“Many young writers get hung up on getting their dialogue perfect, but not one line of your dialogue is going to wind up the same in the movie,” says Garant. “Worry way more about, ‘Is this the kind of movie that’s in the theater right now? Is your script a ballsy, rated-R comedy with a normal guy in the middle of it? Next year, after ‘Ted’ being so big, there’s going to be 100 movies about a guy with a cartoon duck.”
The writing wunderkinds also discussed the sometimes odd perks of fame, particularly the bizarre experience of watching a porn-movie spoof of “Reno 911” at a charity event.
“Not only did we see the film, but we watched it with the stars of it,” says Lennon, cringing even years later. “We hosted a benefit screening at the UCB Theater, but they all came to see it. We had hoped they wouldn’t attend, so we could talk openly about how horrible it was, but there they had bought the entire front row. The girl who plays Weigel in the porn version is cute and the guy pretending to be me is just pounding away on her. I’m sitting and watching a guy playing me … pounding an actress who looks like my lifelong friend Kerri Kenney as I watch, well, with Kerry; Kenney the real Weigel herself beside me. That was weird and depressing.”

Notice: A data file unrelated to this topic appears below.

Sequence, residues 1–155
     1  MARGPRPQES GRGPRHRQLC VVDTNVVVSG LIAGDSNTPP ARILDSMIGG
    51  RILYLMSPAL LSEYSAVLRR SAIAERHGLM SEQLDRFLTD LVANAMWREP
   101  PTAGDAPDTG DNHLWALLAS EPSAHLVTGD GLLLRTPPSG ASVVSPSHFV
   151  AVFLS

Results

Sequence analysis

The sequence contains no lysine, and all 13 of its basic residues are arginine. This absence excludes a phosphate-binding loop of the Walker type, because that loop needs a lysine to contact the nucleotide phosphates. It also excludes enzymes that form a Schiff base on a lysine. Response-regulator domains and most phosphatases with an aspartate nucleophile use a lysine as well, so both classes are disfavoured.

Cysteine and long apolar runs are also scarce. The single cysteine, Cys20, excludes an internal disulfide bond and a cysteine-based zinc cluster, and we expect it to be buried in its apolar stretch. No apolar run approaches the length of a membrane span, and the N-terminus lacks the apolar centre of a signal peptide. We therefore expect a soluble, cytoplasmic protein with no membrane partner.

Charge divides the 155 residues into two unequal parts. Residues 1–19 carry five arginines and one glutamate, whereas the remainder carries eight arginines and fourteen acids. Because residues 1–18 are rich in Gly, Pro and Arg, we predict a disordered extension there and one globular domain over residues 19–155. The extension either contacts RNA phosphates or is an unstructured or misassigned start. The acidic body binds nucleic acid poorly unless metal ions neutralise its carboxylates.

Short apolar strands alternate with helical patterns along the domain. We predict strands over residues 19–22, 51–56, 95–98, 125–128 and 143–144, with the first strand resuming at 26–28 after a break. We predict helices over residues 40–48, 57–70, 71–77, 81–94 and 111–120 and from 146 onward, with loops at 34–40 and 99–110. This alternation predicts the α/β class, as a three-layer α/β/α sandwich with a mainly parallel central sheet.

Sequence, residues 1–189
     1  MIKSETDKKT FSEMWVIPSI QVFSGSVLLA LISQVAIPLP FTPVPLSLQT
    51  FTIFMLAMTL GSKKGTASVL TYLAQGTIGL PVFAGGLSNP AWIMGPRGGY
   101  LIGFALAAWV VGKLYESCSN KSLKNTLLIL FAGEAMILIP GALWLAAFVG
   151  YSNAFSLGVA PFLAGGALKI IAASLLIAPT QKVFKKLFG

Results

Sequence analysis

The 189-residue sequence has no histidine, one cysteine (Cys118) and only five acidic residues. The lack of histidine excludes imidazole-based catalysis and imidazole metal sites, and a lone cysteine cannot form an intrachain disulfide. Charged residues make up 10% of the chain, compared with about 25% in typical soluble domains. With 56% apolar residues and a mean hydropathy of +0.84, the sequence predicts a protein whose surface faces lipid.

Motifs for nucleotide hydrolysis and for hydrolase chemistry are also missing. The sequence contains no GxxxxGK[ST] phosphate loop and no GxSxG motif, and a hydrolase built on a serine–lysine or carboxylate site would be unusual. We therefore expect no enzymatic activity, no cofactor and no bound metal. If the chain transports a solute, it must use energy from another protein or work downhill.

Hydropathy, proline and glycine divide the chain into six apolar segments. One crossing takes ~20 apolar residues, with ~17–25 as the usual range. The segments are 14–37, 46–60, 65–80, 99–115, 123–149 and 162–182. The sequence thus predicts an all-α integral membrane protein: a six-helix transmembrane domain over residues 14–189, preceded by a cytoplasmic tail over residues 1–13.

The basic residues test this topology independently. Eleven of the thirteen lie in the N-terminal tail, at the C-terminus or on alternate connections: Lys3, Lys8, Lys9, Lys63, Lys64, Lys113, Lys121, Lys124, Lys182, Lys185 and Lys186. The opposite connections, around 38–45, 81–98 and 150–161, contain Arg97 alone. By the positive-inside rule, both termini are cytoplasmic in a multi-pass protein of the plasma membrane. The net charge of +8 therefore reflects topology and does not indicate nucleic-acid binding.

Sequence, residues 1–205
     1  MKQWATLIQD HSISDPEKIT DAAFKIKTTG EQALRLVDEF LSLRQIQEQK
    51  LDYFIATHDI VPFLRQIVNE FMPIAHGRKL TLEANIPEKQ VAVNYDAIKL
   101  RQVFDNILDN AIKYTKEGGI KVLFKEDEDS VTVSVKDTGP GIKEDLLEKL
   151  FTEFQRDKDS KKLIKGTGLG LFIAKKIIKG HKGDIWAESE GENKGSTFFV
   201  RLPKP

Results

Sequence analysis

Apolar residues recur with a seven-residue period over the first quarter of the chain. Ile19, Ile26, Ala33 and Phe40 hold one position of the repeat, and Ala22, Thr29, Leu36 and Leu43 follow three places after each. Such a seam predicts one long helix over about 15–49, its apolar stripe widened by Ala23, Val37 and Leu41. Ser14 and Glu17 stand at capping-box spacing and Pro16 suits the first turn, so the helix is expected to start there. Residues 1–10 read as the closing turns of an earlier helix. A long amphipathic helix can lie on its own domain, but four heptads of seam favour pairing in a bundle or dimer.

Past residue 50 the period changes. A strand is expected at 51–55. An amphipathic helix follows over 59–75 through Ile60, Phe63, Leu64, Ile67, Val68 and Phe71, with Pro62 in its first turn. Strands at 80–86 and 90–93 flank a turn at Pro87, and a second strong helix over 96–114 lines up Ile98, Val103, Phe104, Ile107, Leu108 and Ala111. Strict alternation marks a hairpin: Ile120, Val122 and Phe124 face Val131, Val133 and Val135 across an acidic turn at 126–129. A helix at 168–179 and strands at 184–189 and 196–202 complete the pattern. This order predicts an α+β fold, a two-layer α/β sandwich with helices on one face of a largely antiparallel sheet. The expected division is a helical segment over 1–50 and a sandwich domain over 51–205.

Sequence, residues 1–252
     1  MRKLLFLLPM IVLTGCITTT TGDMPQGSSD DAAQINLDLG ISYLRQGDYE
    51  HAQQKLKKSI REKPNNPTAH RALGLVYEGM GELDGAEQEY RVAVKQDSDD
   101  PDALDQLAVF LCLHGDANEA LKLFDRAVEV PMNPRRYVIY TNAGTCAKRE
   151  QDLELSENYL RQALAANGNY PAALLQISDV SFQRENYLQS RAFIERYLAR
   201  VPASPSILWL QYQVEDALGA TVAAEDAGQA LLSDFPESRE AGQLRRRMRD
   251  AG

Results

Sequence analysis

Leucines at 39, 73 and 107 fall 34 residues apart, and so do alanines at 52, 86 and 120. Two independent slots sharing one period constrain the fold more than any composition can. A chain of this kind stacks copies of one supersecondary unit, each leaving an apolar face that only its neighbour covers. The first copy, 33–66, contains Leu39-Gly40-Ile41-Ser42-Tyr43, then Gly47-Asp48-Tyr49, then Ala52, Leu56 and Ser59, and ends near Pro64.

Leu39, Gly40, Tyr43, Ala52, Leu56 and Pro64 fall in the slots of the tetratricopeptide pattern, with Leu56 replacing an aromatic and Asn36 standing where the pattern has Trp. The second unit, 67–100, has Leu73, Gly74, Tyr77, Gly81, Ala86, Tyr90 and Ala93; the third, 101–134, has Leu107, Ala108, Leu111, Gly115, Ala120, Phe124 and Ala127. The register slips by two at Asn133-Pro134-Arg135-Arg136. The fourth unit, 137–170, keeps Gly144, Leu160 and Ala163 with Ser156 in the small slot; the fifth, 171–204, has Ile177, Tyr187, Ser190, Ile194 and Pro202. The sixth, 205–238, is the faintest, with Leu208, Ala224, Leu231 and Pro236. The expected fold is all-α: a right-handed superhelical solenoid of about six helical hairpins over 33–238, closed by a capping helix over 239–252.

“Not to mention, their sets were better than ours,” adds Garant.
That’s not the only low point the pair discussed, recounting their early days of poverty in Manhattan as The State grew in popularity from a sketch-comedy team of New York University students. Lennon recalls “watching $2 second-run movies surrounded by winos pleasuring themselves to any actress on screen, even though these were mainstream movies.” Garant remembers “sneaking in booze by making it look like I’m carrying Christmas presents.”
The State exploded — first in popularity, landing a hit MTV series, and then going down in flames as CBS offered them a prime-time special that was a disaster due to virtually nonexistent promotion. Next came the pair’s creation of “Viva Variety!” for Comedy Central, in the months after “South Park” became a monster hit and kicked open the doors to wilder programming. But their most lucrative and strangest break came when a project they’d written for Jackie Chan fell apart.